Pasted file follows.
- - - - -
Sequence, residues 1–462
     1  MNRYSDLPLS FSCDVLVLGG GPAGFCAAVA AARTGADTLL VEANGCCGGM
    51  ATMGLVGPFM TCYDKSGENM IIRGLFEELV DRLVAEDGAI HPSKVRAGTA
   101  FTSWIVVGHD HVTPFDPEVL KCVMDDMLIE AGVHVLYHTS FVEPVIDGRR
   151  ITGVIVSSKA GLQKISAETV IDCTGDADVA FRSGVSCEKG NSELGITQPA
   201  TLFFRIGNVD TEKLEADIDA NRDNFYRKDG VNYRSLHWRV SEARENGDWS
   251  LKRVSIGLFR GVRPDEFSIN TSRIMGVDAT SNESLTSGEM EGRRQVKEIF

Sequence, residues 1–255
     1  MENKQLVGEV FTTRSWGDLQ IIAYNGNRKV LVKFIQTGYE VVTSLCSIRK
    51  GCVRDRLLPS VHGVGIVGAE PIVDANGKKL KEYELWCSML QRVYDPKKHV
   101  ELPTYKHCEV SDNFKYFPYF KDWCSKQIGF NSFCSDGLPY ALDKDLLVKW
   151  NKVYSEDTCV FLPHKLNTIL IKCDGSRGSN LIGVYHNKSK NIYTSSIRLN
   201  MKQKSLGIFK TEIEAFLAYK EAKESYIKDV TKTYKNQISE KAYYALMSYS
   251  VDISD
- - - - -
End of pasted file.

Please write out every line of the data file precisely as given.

Sequence, residues 1–462
     1  MNRYSDLPLS FSCDVLVLGG GPAGFCAAVA AARTGADTLL VEANGCCGGM
    51  ATMGLVGPFM TCYDKSGENM IIRGLFEELV DRLVAEDGAI HPSKVRAGTA
   101  FTSWIVVGHD HVTPFDPEVL KCVMDDMLIE AGVHVLYHTS FVEPVIDGRR
   151  ITGVIVSSKA GLQKISAETV IDCTGDADVA FRSGVSCEKG NSELGITQPA
   201  TLFFRIGNVD TEKLEADIDA NRDNFYRKDG VNYRSLHWRV SEARENGDWS
   251  LKRVSIGLFR GVRPDEFSIN TSRIMGVDAT SNESLTSGEM EGRRQVKEIF

Sequence, residues 1–255
     1  MENKQLVGEV FTTRSWGDLQ IIAYNGNRKV LVKFIQTGYE VVTSLCSIRK
    51  GCVRDRLLPS VHGVGIVGAE PIVDANGKKL KEYELWCSML QRVYDPKKHV
   101  ELPTYKHCEV SDNFKYFPYF KDWCSKQIGF NSFCSDGLPY ALDKDLLVKW
   151  NKVYSEDTCV FLPHKLNTIL IKCDGSRGSN LIGVYHNKSK NIYTSSIRLN
   201  MKQKSLGIFK TEIEAFLAYK EAKESYIKDV TKTYKNQISE KAYYALMSYS
   251  VDISD